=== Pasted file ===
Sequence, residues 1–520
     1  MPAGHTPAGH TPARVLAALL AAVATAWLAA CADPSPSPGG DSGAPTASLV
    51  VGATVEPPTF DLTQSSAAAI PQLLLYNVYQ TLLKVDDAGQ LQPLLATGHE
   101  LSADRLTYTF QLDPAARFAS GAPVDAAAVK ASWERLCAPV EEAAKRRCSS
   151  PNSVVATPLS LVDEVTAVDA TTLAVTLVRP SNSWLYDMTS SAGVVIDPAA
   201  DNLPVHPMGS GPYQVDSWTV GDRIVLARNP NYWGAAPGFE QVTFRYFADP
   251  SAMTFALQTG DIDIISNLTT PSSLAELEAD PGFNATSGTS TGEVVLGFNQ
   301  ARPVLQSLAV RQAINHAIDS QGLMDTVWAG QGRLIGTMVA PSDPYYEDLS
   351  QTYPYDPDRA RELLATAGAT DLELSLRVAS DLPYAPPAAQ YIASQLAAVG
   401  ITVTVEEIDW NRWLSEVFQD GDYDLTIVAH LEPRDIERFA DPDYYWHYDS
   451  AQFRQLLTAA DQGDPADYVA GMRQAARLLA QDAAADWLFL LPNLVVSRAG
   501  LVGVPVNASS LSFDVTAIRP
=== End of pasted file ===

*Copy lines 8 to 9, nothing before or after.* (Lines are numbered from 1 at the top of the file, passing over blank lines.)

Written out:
   301  ARPVLQSLAV RQAINHAIDS QGLMDTVWAG QGRLIGTMVA PSDPYYEDLS
   351  QTYPYDPDRA RELLATAGAT DLELSLRVAS DLPYAPPAAQ YIASQLAAVG